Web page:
Although China does not want to usurp the United States’ position as the leader of a global order, its actual aim is nearly as consequential. As one Chinese official put it, “Being a great power means you get to do what you want, and no one can say anything about it.” In other words, China is trying to displace, rather than replace, the United States.
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Experts estimate the likelihood of a U.S.-Chinese nuclear crisis as “somewhere between nil and zero.” This assurance is misguided. The United States' signature approach to conventional warfare would be a potential recipe for nuclear escalation.
The immediate threat is more corrosive than explosive. States are using the tools of cyberwarfare to undermine the very foundation of the Internet: trust. The result is that an arena that the world relies on for economic and informational exchange has turned into an active battlefield.
As China goes global it is making a concerted effort at improving its international image and boosting its soft power. But is this strategy translating into an improvement of its soft power quotient?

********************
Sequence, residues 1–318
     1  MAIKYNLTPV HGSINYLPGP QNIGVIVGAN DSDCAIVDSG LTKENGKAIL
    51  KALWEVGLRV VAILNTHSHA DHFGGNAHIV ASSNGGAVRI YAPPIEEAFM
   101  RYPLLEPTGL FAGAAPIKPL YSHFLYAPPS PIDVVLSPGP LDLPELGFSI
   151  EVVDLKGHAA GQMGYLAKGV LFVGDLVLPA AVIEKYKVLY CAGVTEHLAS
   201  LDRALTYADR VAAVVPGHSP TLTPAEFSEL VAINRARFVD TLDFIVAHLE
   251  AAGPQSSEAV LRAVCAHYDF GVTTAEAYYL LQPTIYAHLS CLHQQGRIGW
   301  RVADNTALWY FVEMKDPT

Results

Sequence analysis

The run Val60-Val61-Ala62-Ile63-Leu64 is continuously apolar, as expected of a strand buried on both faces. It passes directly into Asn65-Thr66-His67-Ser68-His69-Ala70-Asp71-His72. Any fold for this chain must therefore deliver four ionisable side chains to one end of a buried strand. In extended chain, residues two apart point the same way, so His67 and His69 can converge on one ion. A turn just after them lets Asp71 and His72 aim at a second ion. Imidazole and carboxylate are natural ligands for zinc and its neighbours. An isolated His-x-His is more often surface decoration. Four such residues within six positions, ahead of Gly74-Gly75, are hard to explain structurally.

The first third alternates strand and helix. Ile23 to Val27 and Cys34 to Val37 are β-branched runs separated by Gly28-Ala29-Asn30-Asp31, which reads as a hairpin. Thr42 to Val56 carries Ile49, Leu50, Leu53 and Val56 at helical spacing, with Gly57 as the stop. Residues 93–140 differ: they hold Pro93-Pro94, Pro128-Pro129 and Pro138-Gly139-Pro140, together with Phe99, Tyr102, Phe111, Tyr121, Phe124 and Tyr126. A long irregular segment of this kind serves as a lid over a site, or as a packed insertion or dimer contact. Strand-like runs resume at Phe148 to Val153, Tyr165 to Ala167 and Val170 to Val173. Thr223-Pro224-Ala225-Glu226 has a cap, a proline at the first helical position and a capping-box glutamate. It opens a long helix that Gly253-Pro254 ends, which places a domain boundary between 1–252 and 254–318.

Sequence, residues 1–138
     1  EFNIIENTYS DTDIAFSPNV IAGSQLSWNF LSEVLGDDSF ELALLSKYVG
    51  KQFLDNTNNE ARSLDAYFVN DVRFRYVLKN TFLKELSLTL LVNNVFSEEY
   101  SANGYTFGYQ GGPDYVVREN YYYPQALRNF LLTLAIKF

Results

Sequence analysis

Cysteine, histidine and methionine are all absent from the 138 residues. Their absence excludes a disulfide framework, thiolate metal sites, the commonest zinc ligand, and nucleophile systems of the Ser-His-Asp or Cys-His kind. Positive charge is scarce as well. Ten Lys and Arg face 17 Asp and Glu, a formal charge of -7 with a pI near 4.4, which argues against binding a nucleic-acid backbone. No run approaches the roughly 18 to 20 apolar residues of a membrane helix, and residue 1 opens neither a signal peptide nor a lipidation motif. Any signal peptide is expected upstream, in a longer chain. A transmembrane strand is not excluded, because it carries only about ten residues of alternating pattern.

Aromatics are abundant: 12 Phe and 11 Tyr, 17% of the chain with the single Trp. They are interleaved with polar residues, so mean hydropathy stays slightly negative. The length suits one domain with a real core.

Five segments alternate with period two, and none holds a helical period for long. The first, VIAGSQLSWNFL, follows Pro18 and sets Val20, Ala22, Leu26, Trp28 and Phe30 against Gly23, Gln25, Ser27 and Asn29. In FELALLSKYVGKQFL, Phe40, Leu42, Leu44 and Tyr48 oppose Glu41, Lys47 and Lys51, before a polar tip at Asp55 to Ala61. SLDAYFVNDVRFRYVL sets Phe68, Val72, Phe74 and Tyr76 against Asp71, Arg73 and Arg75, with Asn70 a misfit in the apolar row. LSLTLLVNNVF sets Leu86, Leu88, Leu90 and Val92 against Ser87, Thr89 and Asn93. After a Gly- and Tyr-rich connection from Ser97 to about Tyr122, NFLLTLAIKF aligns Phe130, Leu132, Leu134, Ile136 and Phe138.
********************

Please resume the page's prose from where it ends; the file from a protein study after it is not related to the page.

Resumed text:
It is clear by now that China’s economy is set to slow in the years to come, although economists disagree about how much and for how long.
When the average growth rate in emerging markets hit over seven percent a year in the last decade, forecasters hyped its implications. Today, more than five years after the financial crisis of 2008, the euphoria seems to have waned
The Third Plenary Session of the 18th Central Committee of the Communist Party of China (CPC) is being held in Beijing from November 9-12. What are the Plenary Sessions of the CPC’s Central Committee? What are the general functions of each Plenary Session? Why is the Third Plenum this year so significant?
China ranks fourth globally for retail development, while India’s retail development ranking fell nine spots from the 2012 GRDI to 14th overall after experiencing backlash from the global economic slowdown. A comparison of India and China’s retail sectors reveals some lessons for retailers in both markets.
In the wake of discourse over the potential banking crisis in China, many investors are expressing concerns regarding investment in the country. However, Chinese bankruptcies have their upside for foreign investors; the trick is to ensure that during such times, your business remains watertight.
Indian laws and regulations are now being perceived friendly by foreign investments. With a favourable worker demographic dividend, India and Vietnam are poised to become becoming Asia’s new manufacturing hubs, although at China’s cost